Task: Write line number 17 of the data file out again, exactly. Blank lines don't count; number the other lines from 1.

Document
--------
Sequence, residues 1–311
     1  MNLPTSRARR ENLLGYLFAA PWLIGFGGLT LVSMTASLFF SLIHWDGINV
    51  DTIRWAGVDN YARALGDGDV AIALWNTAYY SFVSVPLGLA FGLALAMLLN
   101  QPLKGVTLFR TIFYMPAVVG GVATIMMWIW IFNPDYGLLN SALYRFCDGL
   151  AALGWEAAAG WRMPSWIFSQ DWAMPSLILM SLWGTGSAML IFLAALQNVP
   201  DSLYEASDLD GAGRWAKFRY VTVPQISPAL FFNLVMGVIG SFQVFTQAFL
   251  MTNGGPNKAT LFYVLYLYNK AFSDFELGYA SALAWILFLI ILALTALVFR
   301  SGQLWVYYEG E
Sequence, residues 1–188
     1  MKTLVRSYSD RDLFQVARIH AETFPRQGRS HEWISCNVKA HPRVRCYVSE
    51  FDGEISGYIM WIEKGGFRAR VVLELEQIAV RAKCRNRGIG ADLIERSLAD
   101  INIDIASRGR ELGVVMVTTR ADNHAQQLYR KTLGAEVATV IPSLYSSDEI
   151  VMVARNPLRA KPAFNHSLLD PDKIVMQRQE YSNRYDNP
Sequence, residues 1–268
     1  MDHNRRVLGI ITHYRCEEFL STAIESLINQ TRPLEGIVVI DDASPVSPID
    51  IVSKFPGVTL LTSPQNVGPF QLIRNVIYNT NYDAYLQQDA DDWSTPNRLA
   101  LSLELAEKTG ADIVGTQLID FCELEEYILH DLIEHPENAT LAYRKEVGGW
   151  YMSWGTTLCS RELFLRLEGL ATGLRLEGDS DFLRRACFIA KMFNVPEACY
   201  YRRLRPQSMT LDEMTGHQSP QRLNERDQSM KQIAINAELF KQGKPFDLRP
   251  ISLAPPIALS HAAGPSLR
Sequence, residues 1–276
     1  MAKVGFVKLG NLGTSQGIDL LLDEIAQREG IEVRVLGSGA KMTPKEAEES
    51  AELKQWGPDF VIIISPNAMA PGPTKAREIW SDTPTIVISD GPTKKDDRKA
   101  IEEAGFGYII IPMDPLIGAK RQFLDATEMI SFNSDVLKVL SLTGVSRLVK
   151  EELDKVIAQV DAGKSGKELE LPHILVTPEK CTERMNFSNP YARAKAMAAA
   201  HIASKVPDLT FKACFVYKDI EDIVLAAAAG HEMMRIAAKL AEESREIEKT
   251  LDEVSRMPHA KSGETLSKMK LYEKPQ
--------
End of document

   101  LSLELAEKTG ADIVGTQLID FCELEEYILH DLIEHPENAT LAYRKEVGGW